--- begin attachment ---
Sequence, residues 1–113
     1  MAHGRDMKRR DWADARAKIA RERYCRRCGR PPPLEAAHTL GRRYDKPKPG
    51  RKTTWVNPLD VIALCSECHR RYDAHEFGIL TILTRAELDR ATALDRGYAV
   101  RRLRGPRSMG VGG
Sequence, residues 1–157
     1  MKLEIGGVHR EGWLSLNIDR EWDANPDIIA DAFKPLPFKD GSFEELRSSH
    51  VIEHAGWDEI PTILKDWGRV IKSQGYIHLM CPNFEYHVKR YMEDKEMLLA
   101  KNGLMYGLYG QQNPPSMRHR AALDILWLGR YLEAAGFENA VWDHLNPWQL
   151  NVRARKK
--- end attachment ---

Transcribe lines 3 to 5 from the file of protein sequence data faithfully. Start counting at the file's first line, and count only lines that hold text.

    51  RKTTWVNPLD VIALCSECHR RYDAHEFGIL TILTRAELDR ATALDRGYAV
   101  RRLRGPRSMG VGG
Sequence, residues 1–157